Microalgae’s major opportunity for alternative protein product development – Sophie’s Kitchen

By Guan Yu Lim

- Last updated on GMT

Their microalgae strain naturally thrives in Asia's water and weather ©Sophie's Kitchen
Their microalgae strain naturally thrives in Asia's water and weather ©Sophie's Kitchen

Related tags cultured meat cell-based meat microalgae alternative protein Seafood

Plant-based seafood firm Sophie’s Kitchen is now producing food-grade protein from microalgae, with firm confident it can become a long-term and more sustainable solution to animal and traditional plant-based proteins.

Eugene Wang, founder and CEO of Sophie’s Kitchen told FoodNavigator-Asia​, “Animal protein is not sustainable in feeding 10 billion people on this planet. Plant-based protein are sustainable now, but not forever​.”

Quoting pea protein as an example, “Currently, we are using pea protein in our foods. Many plant-based food companies are also using pea.

Where do you get these extra supplies? More farming which also means some form of deforestation​.”

What we need are technologies with even higher efficiencies so we won't pollute this beautiful planet​.”

He said microalgae protein technology used a fermentation process that did not require the use of a large amount of land.

“It will truly solve our problems with animal farming and modern agriculture​.”


According to Wang, the fermentation process is just like any other process producing food enzymes. 

The company selected a strain of microalgae commonly found in Asia and added it into the fermentation tank along with clean water and substrates like food waste (spent grains and okara) to make it more sustainable. 

After a few days of fermentation, the protein is harvested from the liquid.

Wang explained, “You will get a dry biomass, which we will then use our proprietary process to isolate the protein from that dry biomass to make pure and high quality food-grade protein​.”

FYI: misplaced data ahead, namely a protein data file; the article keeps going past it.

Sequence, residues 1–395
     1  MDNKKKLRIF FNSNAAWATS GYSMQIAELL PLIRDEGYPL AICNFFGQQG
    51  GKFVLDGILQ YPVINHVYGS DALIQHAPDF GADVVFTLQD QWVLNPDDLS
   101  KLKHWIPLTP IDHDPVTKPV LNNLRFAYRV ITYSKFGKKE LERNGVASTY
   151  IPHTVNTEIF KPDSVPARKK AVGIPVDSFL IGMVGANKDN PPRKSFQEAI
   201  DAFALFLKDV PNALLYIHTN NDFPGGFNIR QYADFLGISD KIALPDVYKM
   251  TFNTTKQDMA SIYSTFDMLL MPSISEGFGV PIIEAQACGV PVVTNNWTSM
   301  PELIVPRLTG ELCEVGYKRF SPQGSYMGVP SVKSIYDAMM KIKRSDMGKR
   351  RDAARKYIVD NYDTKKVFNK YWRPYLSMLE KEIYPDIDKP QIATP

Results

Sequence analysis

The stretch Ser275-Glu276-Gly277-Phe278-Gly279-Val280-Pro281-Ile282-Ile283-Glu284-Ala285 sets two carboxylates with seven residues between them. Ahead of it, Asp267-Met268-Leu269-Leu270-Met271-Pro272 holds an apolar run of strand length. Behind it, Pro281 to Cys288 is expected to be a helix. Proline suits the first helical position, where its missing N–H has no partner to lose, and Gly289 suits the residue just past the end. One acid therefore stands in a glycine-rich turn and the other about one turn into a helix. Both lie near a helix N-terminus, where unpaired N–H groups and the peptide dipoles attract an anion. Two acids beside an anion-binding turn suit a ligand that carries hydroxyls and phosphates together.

Power protein

In their lab, they managed to extract 95% protein isolate, which essentially meant 95% is pure protein.

Wang is confident to, “someday produce a protein flour from this microalgae that can be price and quality competitive to soy protein today​.”

In the future,the tofu and soy milk you eat may mostly come from our algae. How cool is that?”

He also mentioned that their microalgae protein have more essential amino acids than commercially available fish.

As of now, it looks greenish in colour, taste very much like algae, have a texture similar to plant-based protein powder, Wang said.

But they are working on toning down the taste, and lightening the colour to make it more acceptable and pleasing to consumers.

Asians and algae

Wang said they are developing their technology in Singapore, for several reasons.

More than one-third of top scientists and companies working on microalgae are based in Asia, and Asian countries like China and Japan have a long history of using microalgae in their foods and supplements.

Their selected microalgae strain naturally thrives in Asia's water and weather which made Asia the best home base for the technology.

Wang also believed that Asian consumers would have better adoption to this protein than consumers from other markets.

Asians have been eating algae for a long time. We see it as a highly nutritious and highly valuable food​.”

Cost and sustainability

Wang pointed out their microalgae protein would cost less than cell-based protein, and cost competitive to soy protein.

It would still cost more than animal protein but, “With the uncontrollable growth of global population, animal protein will one day be more expensive than ours simply because we cannot find enough space for animal farming​.”

The company in June 2019 won SG$1 million in funding at the Liveability Challenge, which Wang said would be used to set up their fermentation facility in Singapore.

He hopes that their technology one day will make more than just protein.

Everything from fibre, cooking oil, to various supplements can be made economically and sustainably using our technology. That's why this is so important to our future of food.”

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